Pressure tanks are an integral part of residential well systems. They come in all shapes, sizes and colors, and in previous articles in this publication, I’ve described them in detail, the different types, their purpose and how to size them.
The earliest pressure tanks are known as hydro-pneumatic pressure tanks. They were simply a large pressure vessel hooked to the discharge of a well pump. This type of “conventional” pressure tank is still in use today. As water is pumped into the tank, the air is compressed so that when the pump shuts off you have a few gallons under pressure ready for the next call for water. The issue with these tanks is that, over time, the compressed air is absorbed into the water until eventually
|In-Well tanks eliminate issues associated above-ground tanks, such as freezing and condensation. Source: Flexcon Industries
there is not enough air to push out much water. Over the years devices have been invented to maintain the proper amount of air, most notably, the introduction of the captive air tank where a separate rubber bladder or diaphragm inside the tank encapsulates the air, separating it from the water. These tanks are generally smaller than their conventional counterpart in terms of “draw down” (the amount of water delivered between on-off pressure switch cycles), which has led to their present day popularity.
Not much has changed in the basic design of pressure tanks over the years, but at a recent distributor open house I saw a new concept on display that looked interesting. Flexcon Industries is now manufacturing a tank that fits down inside the well specifically designed for constant-pressure systems. Before getting into the details, let’s review the purpose for having a pressure tank in a water well system and go over some of the basic sizing criteria.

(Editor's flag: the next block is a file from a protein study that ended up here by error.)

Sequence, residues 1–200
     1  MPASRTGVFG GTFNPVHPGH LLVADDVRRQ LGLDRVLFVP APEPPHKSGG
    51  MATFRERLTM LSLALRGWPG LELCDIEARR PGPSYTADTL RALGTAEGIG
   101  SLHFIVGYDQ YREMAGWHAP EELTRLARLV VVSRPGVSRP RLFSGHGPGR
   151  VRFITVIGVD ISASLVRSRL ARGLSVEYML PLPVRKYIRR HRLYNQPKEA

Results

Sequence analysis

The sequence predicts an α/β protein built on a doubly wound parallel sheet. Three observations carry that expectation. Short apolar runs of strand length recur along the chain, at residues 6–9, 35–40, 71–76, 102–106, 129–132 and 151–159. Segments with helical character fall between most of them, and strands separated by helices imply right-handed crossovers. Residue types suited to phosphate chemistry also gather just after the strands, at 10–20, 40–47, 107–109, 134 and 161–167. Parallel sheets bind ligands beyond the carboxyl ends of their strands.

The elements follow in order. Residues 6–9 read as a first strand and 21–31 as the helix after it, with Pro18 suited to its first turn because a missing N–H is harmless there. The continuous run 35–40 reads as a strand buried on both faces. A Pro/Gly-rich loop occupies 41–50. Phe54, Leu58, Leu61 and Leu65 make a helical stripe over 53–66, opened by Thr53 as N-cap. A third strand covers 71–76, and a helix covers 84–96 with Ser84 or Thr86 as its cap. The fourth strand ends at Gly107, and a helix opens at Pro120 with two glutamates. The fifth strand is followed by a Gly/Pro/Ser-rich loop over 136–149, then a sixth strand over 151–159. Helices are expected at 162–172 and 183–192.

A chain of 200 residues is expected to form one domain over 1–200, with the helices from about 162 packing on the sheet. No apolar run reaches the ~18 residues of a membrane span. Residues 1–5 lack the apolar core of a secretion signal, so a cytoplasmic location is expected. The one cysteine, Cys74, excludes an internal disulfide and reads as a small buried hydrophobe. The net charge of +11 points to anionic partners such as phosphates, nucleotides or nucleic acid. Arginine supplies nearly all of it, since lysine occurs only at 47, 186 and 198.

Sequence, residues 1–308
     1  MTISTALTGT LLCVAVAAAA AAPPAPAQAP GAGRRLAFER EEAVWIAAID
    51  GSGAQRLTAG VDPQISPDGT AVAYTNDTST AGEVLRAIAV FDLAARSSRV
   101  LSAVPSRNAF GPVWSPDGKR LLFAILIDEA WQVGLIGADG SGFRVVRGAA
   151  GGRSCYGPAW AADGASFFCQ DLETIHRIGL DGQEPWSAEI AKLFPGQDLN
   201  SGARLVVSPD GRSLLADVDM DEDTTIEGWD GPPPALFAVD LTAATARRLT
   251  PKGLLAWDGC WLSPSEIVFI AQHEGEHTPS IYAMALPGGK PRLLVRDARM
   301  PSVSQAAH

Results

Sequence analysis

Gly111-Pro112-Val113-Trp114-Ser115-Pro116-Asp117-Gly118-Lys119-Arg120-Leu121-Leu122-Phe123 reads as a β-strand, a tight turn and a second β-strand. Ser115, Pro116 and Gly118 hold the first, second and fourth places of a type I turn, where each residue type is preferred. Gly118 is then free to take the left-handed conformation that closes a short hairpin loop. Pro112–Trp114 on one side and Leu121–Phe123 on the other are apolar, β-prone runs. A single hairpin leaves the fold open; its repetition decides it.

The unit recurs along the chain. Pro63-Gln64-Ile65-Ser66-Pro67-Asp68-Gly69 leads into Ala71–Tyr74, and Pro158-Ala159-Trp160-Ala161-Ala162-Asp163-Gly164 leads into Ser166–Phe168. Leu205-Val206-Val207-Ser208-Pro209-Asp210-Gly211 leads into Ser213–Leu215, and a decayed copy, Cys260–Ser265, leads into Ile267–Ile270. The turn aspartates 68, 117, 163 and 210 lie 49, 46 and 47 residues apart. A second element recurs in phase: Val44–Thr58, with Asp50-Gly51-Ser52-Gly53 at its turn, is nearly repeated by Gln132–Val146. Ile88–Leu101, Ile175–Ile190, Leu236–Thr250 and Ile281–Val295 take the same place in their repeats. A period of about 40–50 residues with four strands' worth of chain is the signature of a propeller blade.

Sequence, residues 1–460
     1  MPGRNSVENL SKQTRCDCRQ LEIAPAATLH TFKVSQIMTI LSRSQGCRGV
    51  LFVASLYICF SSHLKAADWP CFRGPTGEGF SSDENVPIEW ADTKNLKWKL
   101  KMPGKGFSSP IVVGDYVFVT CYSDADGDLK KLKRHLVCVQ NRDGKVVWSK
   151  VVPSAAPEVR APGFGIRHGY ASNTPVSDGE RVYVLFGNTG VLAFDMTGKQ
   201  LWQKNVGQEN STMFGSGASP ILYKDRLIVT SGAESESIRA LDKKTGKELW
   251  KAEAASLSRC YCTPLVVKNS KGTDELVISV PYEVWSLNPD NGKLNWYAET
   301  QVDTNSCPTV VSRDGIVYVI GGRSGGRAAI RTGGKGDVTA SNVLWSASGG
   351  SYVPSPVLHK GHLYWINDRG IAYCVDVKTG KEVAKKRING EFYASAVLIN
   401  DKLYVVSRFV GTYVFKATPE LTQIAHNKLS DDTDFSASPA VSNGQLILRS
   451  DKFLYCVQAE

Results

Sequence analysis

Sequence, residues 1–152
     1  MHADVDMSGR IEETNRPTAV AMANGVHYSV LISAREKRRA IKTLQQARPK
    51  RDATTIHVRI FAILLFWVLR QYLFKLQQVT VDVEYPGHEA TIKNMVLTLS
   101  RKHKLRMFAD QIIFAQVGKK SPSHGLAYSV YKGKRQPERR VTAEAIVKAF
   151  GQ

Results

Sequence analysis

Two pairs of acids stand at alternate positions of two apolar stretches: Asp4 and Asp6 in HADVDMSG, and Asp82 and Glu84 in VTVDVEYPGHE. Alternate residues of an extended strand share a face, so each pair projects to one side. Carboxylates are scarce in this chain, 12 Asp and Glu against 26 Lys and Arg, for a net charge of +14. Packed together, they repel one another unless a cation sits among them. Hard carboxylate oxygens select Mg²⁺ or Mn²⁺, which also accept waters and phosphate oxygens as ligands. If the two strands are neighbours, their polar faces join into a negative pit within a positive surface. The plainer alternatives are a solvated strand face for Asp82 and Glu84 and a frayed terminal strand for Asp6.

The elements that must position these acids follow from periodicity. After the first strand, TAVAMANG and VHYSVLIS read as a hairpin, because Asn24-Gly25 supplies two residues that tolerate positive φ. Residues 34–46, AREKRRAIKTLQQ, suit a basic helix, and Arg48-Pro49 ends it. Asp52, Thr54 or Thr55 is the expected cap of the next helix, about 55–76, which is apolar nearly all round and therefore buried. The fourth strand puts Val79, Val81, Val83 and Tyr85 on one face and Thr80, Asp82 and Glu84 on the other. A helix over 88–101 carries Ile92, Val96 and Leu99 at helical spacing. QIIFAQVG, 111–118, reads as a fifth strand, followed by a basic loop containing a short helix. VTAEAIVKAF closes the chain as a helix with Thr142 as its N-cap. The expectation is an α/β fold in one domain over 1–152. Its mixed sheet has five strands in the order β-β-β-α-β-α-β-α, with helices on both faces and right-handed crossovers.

The most important reason we install pressure tanks is to store a small amount of water under pressure to keep the pump from having to come on every time someone brushes their teeth or flushes a toilet. The reason we don’t want the pump coming on for a small usage demand is to protect the pump’s motor from overheating. When a pump starts up, its electric motor draws up to six times the normal operating current for a fraction of a second just to get things moving and up to speed. This extra current creates a lot of heat in the motor windings. Once the pump is running at its normal operating speed, it begins to dissipate the start-up heat and, after a minute or so, the extra heat is gone and it is safe to cycle the pump off and on again.
Motor manufacturers publish specifications regarding the number of starts and stops their motors can tolerate over a certain amount of time. As a general rule, groundwater contractors are encouraged to provide at least one minute of run time between pump cycles. That means if you have a 10 gallon per minute pump, you should provide a pressure tank with 10 gallons of “draw down.”
The one minute of run time rule applies to systems that are controlled by a pressure switch that turns the pump on when the pressure in the tank drops to the switch’s turn-on pressure—say 20 PSI—and off when it gets up to the switch’s turn-off pressure—40 PSI, for instance. What about a constant-pressure system where the pump is controlled by a VFD or control valve, both of which vary the flow rate to keep the pressure constant regardless of the flow rate? These systems do not need a large pressure tank because the pump is not stopping and starting frequently, which is one of their advantages.
So if we’re now talking pressure tanks with just a few gallons of draw down, you can see the possibility of installing one down inside a well. The In-Well by Flexcon is designed to fit into 4-, 5- and 6-inch wells. It comes in either stainless steel or schedule 40 PVC with a total capacity of 3.5 to 4.25 gpm, depending on the model. The advantage of an in-well tank is that it eliminates the negative issues of having to deal with an above ground tank—freezing, condensation and space considerations.
In VFD and control valve systems, the tank’s job is to dampen pressure spikes, not to store water, so In-Well tanks are suitable for most residential constant-pressure applications. If you get much above 20 gpm, consult your VFD or valve manufacturer to see if their capacity is sufficient.
In-Well pressure tanks are not for everyone but where they fit, they’re a slick idea. For more information, contact your local water well products distributor or Flexcon Industries at www.flexconind.com or 800-527-0030.
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